Leavitt path algebras of trimmable graphs

A graded pullback structure of
Leavitt path algebras of trimmable graphs

Piotr M. Hajac Instytut Matematyczny, Polska Akademia Nauk, ul. Śniadeckich 8, Warszawa, 00-656 Poland pmh@impan.pl Atabey Kaygun Istanbul Technical University, Istanbul, Turkey. kaygun@itu.edu.tr  and  Mariusz Tobolski Instytut Matematyczny, Polska Akademia Nauk, ul. Śniadeckich 8, Warszawa, 00-656 Poland mtobolski@impan.pl
Abstract.

Motivated by recent results in graph C*-algebras concerning an equivariant pushout structure of the Vaksman-Soibelman quantum odd spheres, we introduce a class of graphs called trimmable. Then we show that the Leavitt path algebra of a trimmable graph is graded-isomorphic to a pullback algebra of simpler Leavitt path algebras and their tensor products.

Key words and phrases:

Introduction

The goal of this paper is to introduce and apply the concept of a trimmable graph. We begin by recalling the fundamental concepts of path algebras [ass06] and Leavitt path algebras [L62, aa05, A15, aasm17]. Then we define a trimmable graph, and prove our main result: There is a -graded algebra isomorphism from the Leavitt path algebra of a trimmable graph to an appropriate pullback algebra. The graph C*-algebraic version of this result is proven in [dht], where it was used to analyze the generators of K-groups of quantum complex projective spaces.

1. Leavitt path algebras

Definition 1.1.

A graph is a quadruple consisting of the set of vertices , the set of edges , and the source and target maps assigning to each edge its source and target vertex respectively.

We say that a graph is a sub-graph of a graph iff , , and the source and target maps and are respective restrictions-corestrictions of the source and target maps and . Furthermore, we say that two edges are composable if the end of one of them is the beginning of the other. Now we can define a path in a graph as a sequence of composable edges. The length of a path is the number of edges it consists of, infinity included. We treat vertices as zero-length paths that begin and end in themselves.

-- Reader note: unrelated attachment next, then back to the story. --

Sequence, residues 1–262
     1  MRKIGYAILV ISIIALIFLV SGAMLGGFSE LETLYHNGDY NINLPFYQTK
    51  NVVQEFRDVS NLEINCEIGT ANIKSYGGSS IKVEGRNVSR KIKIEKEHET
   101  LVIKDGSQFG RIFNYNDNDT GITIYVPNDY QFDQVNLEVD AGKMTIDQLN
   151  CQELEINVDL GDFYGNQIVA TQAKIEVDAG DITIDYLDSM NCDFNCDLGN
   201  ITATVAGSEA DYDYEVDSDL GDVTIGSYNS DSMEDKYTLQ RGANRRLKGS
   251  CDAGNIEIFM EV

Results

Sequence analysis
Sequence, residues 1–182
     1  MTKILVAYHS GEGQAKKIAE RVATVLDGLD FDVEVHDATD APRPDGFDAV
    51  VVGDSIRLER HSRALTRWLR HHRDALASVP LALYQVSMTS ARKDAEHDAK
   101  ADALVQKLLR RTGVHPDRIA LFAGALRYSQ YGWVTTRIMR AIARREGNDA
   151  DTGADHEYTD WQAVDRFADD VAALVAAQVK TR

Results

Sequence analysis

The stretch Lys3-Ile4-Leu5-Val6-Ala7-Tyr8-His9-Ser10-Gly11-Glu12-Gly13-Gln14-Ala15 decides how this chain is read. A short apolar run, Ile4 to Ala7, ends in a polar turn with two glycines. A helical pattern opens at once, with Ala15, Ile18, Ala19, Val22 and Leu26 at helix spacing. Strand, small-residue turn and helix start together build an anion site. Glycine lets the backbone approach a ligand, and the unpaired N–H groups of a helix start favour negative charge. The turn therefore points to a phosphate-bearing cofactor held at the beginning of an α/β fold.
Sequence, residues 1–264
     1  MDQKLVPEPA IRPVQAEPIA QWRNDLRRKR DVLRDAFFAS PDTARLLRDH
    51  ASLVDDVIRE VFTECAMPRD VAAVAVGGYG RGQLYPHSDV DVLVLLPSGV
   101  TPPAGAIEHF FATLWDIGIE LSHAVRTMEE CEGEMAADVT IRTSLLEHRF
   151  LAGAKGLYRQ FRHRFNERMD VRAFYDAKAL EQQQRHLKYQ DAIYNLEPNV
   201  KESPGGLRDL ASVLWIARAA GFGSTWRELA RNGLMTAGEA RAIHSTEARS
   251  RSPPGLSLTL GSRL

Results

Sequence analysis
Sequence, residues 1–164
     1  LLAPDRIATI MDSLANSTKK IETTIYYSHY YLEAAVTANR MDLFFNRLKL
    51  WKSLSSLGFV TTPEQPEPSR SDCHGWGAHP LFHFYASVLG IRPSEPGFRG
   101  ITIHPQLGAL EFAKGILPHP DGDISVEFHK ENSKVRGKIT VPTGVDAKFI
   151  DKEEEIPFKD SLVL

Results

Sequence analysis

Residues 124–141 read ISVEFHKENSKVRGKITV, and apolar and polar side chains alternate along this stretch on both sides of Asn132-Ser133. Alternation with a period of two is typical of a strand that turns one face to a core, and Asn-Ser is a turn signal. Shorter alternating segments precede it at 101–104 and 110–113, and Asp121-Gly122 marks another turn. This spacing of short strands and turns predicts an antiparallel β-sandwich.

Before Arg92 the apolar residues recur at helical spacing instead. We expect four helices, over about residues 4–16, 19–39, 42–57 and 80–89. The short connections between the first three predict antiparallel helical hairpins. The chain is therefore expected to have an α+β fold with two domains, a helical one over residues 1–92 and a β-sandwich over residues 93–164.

Definition 1.2.

Let be a field and a graph. The path algebra is the -algebra whose underlying vector space has as its basis the set of all finite-length paths . The product is given by the composition of paths when the end of one path matches the beginning of the other path. The product is defined to be zero otherwise.

One can check that the path algebra is unital if and only if the set of vertices is finite. Then the unit is the sum of all vertices. It is also straightforward to verify that is -graded by the path length.

To define a Leavitt path algebra, we need ghost edges. For any graph , we create a new set and call its elements ghost edges. Now, the source and the target maps for the extended graph are defined as follows:

(1.1)
Definition 1.3.

Let be a field and a graph. The Leavitt path algebra of a graph is the path algebra of the extended graph divided by the ideal generated by the relations:

  1. For all edges , we have .

  2. For every vertex whose preimage is not empty and finite, we have

In other words, the Leavitt path algebra of a graph is the universal -algebra generated by the elements , , , subject to relations:

  1. for all ,

  2. for all ,

  3. for all ,

  4. for all , and

  5. for all such that is finite and nonempty.

Furthermore, note that the -grading of the path algebra induces a -grading of the Leavitt path algebra by counting the length of any ghost edge as  (see [aa05, Lemma 1.7]). Let us recall now the Graded Uniqueness Theorem [t-m07, Theorem 4.8] that shows the importance of this grading. We will need it in the next section.

Theorem 1.4 ([t-m07]).

Let be an arbitrary graph and be any field. If is a -graded ring, and is a graded ring homomorphism with for every vertex , then is injective.

Recall that a vertex is called a sink if . Next, let be a path in . If the length of is at least , and if , we say that is a closed path based at . If in addition for every , then is called a cycle based at .

Next, if is either a sink or a base of a cycle of length 1 (a loop), then a singleton set is a basic example of a hereditary subset of  [aasm17, Definition 2.0.5 (i)], and it follows from Corollary 2.4.13 (i) in [aasm17] (cf. [t-m07, Theorem 5.7 (2)]) that

(1.2)

Here the graph is obtained by removing from the vertex and every edge that ends in . In other words,

(1.3)

By Lemma 2.4.1 in [aasm17] (cf. [t-m07, Lemma 5.6]), we also know that

(1.4)

2. Trimmable graphs

We are now ready for the main definition of the paper. Merely to focus attention, we assume henceforth that graphs are finite, i.e. that the set of vertices and the set of edges are both finite.

Definition 2.1.

Let be a finite graph consisting of a sub-graph emitting at least one edge to an external vertex whose only outgoing edge is a loop. We call such a graph -trimmable iff all edges from to begin in a vertex emitting an edge that ends inside .

In symbols, a trimmable graph is described as follows:

(2.1)
(2.2)
(2.3)

The condition for a trimmable graph guarantees the fact that when we remove the distinguised vertex , the resulting graph does not have new sinks. One can imagine a -trimmable graph like this:

.

The following graph is a simple example of a trimmable graph:

(2.4)
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